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Beth Bombara’s music is the sound of hard work. Her melodies are born between stops on a never-ending tour, her verses covered in dirt and dust and sweat, her bridges the relief of stretching an aching back. Bombara captures the romance of the road, but doesn’t sweeten it. She blends it with humble dignity—the satisfaction of a job well done and another opportunity earned—so common among midwesterners. This St. Louis singer-songwriter has been grinding out a music career piece by piece, building a unique mix of American styles somewhere between folk and rock. She’s played D.C. a few times, each as a duo with her partner Kit Hamon, to a handful of folks in small rooms around town, and now she’s returning to carry the weight of her and Hamon’s fuller compositions from her last record, 2017’s Map & No Direction. Opening will be D.C.’s own Lauren Calve, a blues dynamo with a voice smoky enough to set off a fire alarm. It’s Friday, so clock out and reward your own hard work this week by hearing some of theirs. Read more>>> Beth Bombara performs with Lauren Calve at 9 p.m. at City Winery, 1350 Okie St. NE. $10–$12. (202) 250-2531. citywinery.com. (Justin Weber)


Friday: Haitian rapper and former Fugee Wyclef Jean performs at the Howard Theatre. 9 p.m. at 620 T St. NW. $37.50–$72.50.

Friday: Nothing But Thieves, an five-piece alternative rock band from England, perform at 9:30 Club. 8 p.m. at 815 V St. NW. $25.

Saturday: If you’ve heard of Verdi’s opera Falstaff and Verdi’s opera Otello, but never Verdi’s opera King Lear, you’re not alone. The Italian composer never finished adapting one of Shakespeare’s saddest tragedies, because the guy who was supposed to write the libretto died without finishing it. No music survived, but a letter describing the project did. “We need not turn Lear into the sort of drama that has been customary up to now. We must treat it in a completely new way,” the composer wrote. It may be appropriate then that the InSeries is presenting an operatic retelling of King Lear in a completely new way: as a chamber opera mash-up featuring music from Verdi’s Requiem. Timothy Nelson, the new artistic director of the InSeries, wrote the piece, which will feature eight singers as well the formidable D.C. actress Nanna Ingvarsson taking on the dual roles of Verdi/Lear. Read more>>> The show runs to Sept. 23 at Source Theatre, 1835 14th St. NW. $20–$45. (202) 204-7763. inseries.org. (Rebecca J. Ritzel)

Saturday: Comedian Kathy Griffin performs at DAR Constitution Hall. 8 p.m. at 1776 D St. NW. $37–$75.

Saturday: Waxahatchee, Katie Crutchfield‘s ever-evolving musical project, plays The Miracle Theatre near Eastern Market. 9 p.m. at 535 8th St. SE. $22–$24.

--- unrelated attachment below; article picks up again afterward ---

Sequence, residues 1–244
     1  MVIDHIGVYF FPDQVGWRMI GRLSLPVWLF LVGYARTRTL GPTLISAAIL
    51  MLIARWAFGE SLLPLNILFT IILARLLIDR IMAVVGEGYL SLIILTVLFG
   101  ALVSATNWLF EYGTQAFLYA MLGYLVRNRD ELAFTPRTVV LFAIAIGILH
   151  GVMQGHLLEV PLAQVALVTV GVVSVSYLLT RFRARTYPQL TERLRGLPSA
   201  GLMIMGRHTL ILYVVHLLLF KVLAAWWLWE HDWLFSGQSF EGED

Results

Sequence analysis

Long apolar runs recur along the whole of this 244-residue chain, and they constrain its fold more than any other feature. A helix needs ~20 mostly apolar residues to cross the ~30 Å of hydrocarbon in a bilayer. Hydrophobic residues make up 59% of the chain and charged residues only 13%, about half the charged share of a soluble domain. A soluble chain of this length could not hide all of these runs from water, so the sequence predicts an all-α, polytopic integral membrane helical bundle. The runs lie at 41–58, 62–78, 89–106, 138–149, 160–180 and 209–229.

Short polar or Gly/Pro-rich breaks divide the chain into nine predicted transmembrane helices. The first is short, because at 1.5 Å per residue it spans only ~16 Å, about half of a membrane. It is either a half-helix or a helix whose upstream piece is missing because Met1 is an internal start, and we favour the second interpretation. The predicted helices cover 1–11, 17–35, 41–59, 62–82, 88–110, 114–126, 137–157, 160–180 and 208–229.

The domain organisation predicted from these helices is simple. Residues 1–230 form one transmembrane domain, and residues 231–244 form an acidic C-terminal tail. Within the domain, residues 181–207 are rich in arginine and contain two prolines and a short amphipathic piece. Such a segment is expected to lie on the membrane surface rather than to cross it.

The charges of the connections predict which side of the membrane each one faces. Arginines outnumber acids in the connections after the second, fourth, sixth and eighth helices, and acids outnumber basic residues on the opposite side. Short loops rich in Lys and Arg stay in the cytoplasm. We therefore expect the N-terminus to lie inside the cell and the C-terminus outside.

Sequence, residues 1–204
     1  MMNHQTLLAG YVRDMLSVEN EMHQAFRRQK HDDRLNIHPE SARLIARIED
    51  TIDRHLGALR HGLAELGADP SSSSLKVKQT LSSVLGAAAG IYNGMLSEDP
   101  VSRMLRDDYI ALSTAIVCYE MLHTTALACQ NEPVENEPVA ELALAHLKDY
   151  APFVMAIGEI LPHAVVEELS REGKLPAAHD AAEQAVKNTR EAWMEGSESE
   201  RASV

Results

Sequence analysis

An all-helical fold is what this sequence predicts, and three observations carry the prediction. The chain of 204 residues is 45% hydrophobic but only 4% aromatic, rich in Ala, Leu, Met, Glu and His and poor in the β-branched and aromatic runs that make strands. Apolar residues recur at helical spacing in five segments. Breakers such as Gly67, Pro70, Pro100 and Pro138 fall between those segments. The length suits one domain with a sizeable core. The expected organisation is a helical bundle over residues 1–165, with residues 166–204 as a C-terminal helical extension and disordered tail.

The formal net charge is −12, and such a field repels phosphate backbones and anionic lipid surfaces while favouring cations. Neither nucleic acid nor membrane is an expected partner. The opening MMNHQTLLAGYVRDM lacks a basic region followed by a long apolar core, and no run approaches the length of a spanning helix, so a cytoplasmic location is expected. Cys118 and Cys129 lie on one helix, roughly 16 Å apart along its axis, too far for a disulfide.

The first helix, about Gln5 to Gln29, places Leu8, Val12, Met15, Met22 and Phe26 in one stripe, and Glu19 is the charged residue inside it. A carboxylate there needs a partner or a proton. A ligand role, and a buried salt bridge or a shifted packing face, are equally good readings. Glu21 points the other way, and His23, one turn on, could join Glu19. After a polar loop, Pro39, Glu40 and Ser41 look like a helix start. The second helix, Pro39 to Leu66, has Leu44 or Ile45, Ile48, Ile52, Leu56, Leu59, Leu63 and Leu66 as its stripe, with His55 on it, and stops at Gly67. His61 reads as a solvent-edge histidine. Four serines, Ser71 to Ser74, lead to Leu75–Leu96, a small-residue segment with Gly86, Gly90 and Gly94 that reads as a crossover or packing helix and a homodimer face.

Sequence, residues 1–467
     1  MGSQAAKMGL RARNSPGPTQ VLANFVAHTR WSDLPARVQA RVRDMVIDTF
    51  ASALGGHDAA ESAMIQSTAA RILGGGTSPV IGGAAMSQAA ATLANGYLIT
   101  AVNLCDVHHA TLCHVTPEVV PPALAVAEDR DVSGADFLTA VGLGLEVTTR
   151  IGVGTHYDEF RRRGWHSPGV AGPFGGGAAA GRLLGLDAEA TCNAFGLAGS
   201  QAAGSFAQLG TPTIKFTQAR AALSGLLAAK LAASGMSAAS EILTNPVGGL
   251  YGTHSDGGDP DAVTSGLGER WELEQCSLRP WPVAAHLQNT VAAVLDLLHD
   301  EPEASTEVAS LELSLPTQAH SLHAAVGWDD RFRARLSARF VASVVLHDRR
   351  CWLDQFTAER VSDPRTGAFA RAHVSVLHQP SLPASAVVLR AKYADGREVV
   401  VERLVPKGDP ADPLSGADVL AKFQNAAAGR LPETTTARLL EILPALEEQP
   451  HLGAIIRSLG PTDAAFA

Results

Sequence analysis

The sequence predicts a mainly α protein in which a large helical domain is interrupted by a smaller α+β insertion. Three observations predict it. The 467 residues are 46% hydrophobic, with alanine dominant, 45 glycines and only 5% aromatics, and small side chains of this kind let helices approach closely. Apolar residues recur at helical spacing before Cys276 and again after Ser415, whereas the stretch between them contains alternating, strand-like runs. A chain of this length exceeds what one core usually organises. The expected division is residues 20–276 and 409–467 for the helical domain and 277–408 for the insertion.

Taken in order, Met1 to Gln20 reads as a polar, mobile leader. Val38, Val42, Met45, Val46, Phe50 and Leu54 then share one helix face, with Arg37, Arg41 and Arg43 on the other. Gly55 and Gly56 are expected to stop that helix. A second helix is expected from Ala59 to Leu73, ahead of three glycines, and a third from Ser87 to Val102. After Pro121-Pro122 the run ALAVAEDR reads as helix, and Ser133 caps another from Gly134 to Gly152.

Sunday: If you missed the Jacques Becker series at New York’s Film Forum last month, you’re in luck. While D.C. may not have Manhattan’s deep repertory cinema options, local audiences get to see the director’s films—once hailed by the French New Wave movement but since neglected—on the National Gallery of Art’s much bigger screen, and for free. Becker (1906-1960) had a full life outside the movies. He was a prisoner of war in Germany during World War II, and knew artist Paul Cézanne. After working as an assistant to director Jean Renoir (including on the classic La Grande Illusion), he went on to direct a small body of work that has been lovingly restored and is ripe for reassessment. In Antoine et Antoinette, a 1947 comedy, Becker tells the story of a young Parisian couple who lose a winning lottery ticket. It’s a sentimental working-class tale, but as The New Yorker’s Richard Brody writes, “Becker’s ecstatic, overwhelmingly intimate closeups of the couple burn away daily cares with the blinding heat of erotic passion.” Read more>>> The film screens at 4 p.m. at the National Gallery of Art, 4th Street and Constitution Avenue NW. Free. (202) 737-4215. nga.gov. (Pat Padua)

Sunday: Norman Eisen speaks at Politics and Prose about The Last Place, his rich profile of Petschek Villa in Prague, now the residence of the U.S. ambassador to the Czech Republic. 1 p.m. at 5015 Connecticut Ave. NW. Free.

Sunday: Rock & Roll Hotel welcomes Portland rock group Red Fang. 8 p.m. at 1353 H St. NE. $25.


Tickets go on sale at 10 a.m. for Latin rock star Draco Rosa, performing at the Howard Theatre on Dec. 1. 7:30 p.m. at 620 T St. NW. $39–$79.

Tickets go on sale at 10 a.m. for New Zealand indie pop artist Kimbra, performing at Sixth & I Historic Synagogue on Dec. 6. 8 p.m. at 600 I St. NW. $25–$30.

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